Walmart has not revealed details of the allegations against Bansal, saying that while its investigation did not find evidence to back them up, it did “reveal other lapses in judgment” on his part. Bansal remains a Flipkart shareholder and continues to sit on the company’s board.

Employees work at Flipkart's headquarters in Bengaluru, India, in 2017.

When he left, Bansal said he had been planning to stay on for a few more quarters to manage the transition, but that his decision to step down had been “accelerated” by recent events.

Meena said that Bansal’s exit was less of a setback to Walmart, because it was looking for both founders to step away eventually. (Co-founder Sachin Bansal, not related to Binny, sold his stake and stepped down as executive chairman when the deal happened.)

“The only thing is the way Binny exited was not in good taste, but Walmart was always prepared to work without the founders,” he said.

Still, the churn within Flipkart’s top ranks could allow Walmart’s arch rival Amazon, with its more established and stable India business, to gain ground at its expense.

Another jolt came in late December, when the Indian government imposed new restrictions on both companies. The rules, which took effect on February 1, ban non-Indian online retailers from offering their customers exclusive products such as smartphones or selling their own products through affiliated companies.

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    As Walmart tries to move on from those setbacks, it has at the helm someone with decades of experience.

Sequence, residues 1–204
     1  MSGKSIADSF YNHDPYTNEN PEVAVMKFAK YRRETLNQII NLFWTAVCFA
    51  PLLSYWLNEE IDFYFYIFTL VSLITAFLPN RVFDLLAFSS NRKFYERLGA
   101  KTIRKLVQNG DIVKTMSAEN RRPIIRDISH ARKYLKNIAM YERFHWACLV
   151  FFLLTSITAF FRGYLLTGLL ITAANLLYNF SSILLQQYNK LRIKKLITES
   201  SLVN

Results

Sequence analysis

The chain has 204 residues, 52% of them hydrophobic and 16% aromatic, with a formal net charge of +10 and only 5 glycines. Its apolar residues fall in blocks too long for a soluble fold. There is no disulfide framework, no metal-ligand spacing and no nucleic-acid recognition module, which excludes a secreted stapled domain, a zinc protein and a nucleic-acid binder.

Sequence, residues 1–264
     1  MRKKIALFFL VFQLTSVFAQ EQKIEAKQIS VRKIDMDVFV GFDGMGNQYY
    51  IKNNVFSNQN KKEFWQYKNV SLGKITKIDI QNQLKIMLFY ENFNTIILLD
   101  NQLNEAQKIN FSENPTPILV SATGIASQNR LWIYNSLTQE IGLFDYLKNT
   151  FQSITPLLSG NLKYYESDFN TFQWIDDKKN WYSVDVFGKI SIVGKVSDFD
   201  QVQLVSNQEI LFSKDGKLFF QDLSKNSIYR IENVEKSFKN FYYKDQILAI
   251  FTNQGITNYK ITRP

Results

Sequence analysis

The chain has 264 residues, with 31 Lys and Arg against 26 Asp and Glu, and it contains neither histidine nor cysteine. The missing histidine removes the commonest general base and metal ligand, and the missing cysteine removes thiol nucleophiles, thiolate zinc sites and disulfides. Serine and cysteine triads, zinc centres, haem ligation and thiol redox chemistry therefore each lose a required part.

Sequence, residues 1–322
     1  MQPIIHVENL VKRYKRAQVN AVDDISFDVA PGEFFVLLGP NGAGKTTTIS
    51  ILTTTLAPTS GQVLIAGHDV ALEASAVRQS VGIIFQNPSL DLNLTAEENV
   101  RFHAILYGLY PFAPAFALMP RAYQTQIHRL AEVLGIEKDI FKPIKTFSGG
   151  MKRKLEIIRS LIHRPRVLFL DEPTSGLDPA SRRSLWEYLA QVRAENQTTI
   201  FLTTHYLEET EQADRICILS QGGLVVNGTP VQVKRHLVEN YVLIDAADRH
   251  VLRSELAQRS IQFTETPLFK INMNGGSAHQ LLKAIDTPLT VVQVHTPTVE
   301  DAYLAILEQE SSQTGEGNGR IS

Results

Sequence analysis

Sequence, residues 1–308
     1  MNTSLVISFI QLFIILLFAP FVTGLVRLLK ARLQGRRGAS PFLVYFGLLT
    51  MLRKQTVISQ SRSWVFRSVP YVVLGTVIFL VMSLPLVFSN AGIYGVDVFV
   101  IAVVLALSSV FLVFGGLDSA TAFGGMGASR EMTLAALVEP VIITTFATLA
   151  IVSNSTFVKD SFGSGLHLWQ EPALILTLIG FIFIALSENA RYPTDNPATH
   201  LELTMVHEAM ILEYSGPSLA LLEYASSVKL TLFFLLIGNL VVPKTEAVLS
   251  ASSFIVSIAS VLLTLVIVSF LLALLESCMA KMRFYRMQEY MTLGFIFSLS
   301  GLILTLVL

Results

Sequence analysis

McKenna has been with Walmart for more than twenty years, having first joined its UK subsidiary Asda in 1996. She served as Asda’s chief operating officer and chief financial officer before taking on the lead strategy role for Walmart’s overall international business.

    Walmart decided to sell Asda to local rival Sainsbury’s in a $10 billion deal announced just days before the Flipkart acquisition. The Asda sale is still awaiting regulatory approval.

    McKenna moved to Walmart US in 2014, starting as chief development officer for its business unit before being promoted to executive vice president and chief operating officer of Walmart US just months later.

    “Judith is obviously a veteran at Walmart and she’s really supportive of what we’re trying to do,” Binny Bansal said in an interview with CNN Business in October, one month before he stepped down.

    Bansal said McKenna and the rest of Walmart’s leadership had taken a relatively hands-off approach with Flipkart up to that point, saying both companies were in “the learning phase” about each other.

    “I think they [have] bought into the vision that we have and what we are trying to do here,” he added.

    Despite the teething problems with Flipkart, Meena said Walmart has been smart about the bets it’s made, under McKenna’s leadership, like dialing back its UK operation and partnering with local player Rakuten in Japan.

    “As of now, none of the bets have converted into results,” he said. “It is very early to speak but … it gives Walmart a fighting chance in the coming years.”